Andrei Tarkovsky • 1983 • Italy-Soviet Union • A sensory reflection of living in exile.
Shrouded in diaphanous textures of mist, fog, and rain, and blending memory and reality to the threshold of discernibility, Nostalghia evokes the distinct sensation of being elsewhere, far from home.
Russian poet Oleg Yankovsky has traveled to Tuscany, where he is doing research. While there he becomes often distracted by memories of his home, alienated from the stately architecture and lush landscapes that surround him. Infatuated with the Botticelli-like beauty of his translator, Eugenia, he cannot manage to connect with her; he prefers the company of Domenico, a rambling lunatic hastening the end of the world.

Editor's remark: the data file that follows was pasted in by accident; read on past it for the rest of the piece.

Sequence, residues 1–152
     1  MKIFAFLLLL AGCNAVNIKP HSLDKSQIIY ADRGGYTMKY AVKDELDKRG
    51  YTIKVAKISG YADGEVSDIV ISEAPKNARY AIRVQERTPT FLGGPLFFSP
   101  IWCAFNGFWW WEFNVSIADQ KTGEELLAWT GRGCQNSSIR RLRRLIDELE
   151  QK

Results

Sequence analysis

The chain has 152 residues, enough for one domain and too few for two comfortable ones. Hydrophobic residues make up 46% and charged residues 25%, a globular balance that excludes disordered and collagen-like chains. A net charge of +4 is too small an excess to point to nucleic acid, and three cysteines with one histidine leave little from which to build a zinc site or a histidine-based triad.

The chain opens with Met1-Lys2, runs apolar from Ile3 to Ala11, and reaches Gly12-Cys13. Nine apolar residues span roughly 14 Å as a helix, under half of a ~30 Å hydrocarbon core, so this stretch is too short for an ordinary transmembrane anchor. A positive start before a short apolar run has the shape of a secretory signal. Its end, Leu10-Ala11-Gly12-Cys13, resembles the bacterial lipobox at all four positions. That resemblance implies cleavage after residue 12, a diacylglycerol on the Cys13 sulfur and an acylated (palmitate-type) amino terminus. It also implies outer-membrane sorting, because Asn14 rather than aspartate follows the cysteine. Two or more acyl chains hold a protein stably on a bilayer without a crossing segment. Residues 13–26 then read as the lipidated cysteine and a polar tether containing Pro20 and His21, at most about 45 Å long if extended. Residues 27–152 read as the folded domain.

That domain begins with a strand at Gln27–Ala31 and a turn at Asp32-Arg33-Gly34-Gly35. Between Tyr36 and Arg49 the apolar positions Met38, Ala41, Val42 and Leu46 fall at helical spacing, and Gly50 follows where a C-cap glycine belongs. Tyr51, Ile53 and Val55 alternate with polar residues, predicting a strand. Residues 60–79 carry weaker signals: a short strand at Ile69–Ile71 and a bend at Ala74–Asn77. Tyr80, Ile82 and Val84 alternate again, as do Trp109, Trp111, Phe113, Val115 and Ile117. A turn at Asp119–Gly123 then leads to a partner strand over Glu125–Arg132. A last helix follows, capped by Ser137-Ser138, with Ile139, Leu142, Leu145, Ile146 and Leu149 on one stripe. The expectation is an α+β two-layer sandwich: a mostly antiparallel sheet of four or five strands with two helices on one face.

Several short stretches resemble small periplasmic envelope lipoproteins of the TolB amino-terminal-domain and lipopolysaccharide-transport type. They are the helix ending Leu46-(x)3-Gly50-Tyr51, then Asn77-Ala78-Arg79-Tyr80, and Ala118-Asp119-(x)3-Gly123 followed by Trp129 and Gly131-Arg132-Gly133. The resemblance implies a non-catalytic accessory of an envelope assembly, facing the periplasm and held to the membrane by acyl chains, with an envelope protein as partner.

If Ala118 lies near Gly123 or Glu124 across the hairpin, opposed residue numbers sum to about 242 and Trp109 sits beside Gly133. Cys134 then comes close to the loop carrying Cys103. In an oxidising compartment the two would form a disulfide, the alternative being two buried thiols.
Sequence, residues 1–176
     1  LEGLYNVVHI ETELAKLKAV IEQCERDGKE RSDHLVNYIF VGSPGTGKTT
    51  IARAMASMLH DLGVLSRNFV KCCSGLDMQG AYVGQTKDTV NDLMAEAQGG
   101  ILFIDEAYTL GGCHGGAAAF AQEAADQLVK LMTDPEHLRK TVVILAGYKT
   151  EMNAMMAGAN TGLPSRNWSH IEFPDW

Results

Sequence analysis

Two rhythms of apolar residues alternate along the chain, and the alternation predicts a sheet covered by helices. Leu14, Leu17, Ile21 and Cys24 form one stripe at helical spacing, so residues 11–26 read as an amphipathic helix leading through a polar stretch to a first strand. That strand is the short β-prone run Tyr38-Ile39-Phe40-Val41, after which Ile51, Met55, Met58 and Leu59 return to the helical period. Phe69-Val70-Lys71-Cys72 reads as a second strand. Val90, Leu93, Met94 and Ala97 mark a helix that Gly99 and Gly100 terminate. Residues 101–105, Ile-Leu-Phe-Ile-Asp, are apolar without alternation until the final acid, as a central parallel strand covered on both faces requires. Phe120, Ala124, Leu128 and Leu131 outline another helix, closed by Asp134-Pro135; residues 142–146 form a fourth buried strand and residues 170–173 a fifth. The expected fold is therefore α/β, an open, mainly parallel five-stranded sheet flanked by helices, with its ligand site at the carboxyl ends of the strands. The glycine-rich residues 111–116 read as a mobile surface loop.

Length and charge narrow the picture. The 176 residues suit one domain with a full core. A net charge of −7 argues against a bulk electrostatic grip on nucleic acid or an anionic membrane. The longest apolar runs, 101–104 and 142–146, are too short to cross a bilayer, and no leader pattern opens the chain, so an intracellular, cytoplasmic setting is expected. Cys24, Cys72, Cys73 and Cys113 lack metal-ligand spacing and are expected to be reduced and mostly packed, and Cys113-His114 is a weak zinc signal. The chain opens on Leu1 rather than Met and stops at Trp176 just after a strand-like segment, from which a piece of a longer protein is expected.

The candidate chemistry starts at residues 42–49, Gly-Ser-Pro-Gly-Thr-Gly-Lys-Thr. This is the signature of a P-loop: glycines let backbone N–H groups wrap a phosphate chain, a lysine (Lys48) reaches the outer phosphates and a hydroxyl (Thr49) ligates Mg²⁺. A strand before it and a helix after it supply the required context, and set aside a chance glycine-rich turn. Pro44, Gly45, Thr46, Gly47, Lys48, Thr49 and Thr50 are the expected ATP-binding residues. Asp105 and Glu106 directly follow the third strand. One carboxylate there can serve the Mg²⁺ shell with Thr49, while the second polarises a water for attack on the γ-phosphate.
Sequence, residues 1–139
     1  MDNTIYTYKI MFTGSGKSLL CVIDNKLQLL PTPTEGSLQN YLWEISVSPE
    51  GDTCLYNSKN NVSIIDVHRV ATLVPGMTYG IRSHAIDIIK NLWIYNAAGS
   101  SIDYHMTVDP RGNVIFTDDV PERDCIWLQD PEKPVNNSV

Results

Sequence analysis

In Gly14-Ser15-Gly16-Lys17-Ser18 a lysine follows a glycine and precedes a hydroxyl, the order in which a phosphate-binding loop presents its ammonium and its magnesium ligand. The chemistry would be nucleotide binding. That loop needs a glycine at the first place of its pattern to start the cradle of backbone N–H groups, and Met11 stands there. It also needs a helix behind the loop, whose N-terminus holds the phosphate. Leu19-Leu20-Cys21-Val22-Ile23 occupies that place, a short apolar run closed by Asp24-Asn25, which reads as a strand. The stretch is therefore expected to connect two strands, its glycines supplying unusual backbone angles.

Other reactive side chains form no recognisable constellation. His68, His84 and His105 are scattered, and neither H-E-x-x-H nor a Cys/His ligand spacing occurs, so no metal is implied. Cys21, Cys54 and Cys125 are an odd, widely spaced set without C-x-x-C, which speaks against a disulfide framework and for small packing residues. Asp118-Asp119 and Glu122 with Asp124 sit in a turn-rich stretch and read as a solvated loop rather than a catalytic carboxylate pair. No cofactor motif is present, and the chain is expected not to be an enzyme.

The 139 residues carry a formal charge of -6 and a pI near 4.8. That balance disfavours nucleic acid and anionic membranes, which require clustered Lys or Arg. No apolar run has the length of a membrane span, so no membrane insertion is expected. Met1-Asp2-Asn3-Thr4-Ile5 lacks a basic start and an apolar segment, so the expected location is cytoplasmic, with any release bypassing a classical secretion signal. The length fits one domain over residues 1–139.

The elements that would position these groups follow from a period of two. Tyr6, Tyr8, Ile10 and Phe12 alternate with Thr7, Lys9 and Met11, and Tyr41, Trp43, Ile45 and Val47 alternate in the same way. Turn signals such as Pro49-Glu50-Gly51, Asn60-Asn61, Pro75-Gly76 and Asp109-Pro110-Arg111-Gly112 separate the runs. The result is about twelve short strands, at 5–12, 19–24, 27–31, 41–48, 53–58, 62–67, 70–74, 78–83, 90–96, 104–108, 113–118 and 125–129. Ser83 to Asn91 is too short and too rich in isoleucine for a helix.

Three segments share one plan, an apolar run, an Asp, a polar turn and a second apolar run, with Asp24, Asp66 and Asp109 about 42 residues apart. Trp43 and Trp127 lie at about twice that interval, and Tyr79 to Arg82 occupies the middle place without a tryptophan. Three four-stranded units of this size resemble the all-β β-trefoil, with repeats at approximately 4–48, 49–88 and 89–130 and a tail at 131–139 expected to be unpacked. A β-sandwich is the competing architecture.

Legendary filmmaker Andrei Tarkovsky's penultimate work, and the first to be shot outside his native Russia, premiered at Cannes, where it won Best Director, the Prize of the Ecumenical Jury, and the FIPRESCI Prize. That the film did not win the Palme d'Or has been speculated as owing to Soviet censorship, strengthening Tarkovsky's resolve to never return.